The only gun in sight was a Smith & Wesson .38 slung on the hip of a young duty policeman, who said that on, condition his sergeant agreed, he would loan it to us.
Permission granted, he took the bullets out of the gun and sat sipping coffee for half an hour watching while Jane and I worked with the photographers. Which is how a real-life police gun made it into some of our Press coverage.
‘Don’t enjoy your work too much,’ Moore’s wife told him about the love scenes he filmed with Gloria Hendry
B-Day 24, the last day of shooting in New Orleans, and, oh, my head! I had a king-size hangover after a party we’d thrown to say goodbye to the city, with varicose veins throbbing up and down the sides of my temples.
Today’s location was the local railway station — not the place to be with a hangover. I wished desperately it was Paddington station in London and that I could walk outside, get into my car and drive back to my house in Buckinghamshire.
Despite the fact that Luisa and the children are here, I still get desperately homesick. I miss things like an English cottage loaf, Golden Shred marmalade and the English papers with my morning tea. They are niceties of life.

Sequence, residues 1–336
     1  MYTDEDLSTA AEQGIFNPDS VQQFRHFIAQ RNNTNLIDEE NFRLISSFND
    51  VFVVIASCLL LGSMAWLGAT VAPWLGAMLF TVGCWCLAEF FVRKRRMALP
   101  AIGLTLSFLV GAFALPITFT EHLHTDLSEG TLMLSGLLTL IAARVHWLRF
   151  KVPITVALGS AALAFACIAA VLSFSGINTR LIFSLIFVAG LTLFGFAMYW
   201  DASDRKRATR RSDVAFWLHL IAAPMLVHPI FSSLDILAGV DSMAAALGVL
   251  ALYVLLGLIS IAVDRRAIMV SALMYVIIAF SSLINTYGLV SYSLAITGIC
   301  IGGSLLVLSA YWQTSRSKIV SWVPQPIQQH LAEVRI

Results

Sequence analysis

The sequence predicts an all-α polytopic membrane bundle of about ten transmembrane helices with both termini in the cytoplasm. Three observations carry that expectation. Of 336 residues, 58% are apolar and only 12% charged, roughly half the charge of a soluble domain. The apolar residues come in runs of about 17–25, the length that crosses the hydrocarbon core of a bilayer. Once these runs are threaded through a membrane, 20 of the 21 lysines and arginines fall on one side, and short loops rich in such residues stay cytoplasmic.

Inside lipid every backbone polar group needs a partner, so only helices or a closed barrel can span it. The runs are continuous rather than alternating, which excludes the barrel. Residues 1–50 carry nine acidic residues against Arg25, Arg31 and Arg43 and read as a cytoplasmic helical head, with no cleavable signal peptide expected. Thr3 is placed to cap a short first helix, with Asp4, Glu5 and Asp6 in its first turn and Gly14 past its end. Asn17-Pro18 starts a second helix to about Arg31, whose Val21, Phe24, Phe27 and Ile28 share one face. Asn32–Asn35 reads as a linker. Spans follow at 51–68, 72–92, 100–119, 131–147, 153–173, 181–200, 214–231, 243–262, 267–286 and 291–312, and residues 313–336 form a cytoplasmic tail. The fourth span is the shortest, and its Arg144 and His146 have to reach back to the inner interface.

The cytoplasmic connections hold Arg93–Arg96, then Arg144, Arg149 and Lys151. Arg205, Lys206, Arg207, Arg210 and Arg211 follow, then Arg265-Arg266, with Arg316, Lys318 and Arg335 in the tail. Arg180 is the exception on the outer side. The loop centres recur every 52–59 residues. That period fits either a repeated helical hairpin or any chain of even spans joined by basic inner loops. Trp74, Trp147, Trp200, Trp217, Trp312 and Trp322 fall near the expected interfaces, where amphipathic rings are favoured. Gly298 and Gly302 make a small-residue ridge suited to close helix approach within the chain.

B-Day 25, and our first location in Jamaica.
Tomorrow, Guy has banned all visitors because the voluptuous Gloria Hendry and I are going to play our love scene.
Luisa has been plying me with questions all evening. ‘You do love me, Roger, don’t you?’ she asked. ‘Of course, I do,’ I replied. ‘I shall just be doing a job. It’s my work.’
‘Yes. I know,’ sighed Luisa, and, lapsing into Italian, said: ‘Non voglio che hai placere nel lavorare.’ Literally translated: ‘Don’t enjoy your work too much.’
B-Day 26, and I was wide awake before six. Half a mile up a hillside, our props for the love scene were ready.
It was to take place during a picnic, and blankets and a table-cloth were laid out and the set cleared and closed.
So, Gloria and I got busy. I will not bore you with the details, except to say that she put her heart, body and soul into her work. For further illustration, you could always, of course, see the film.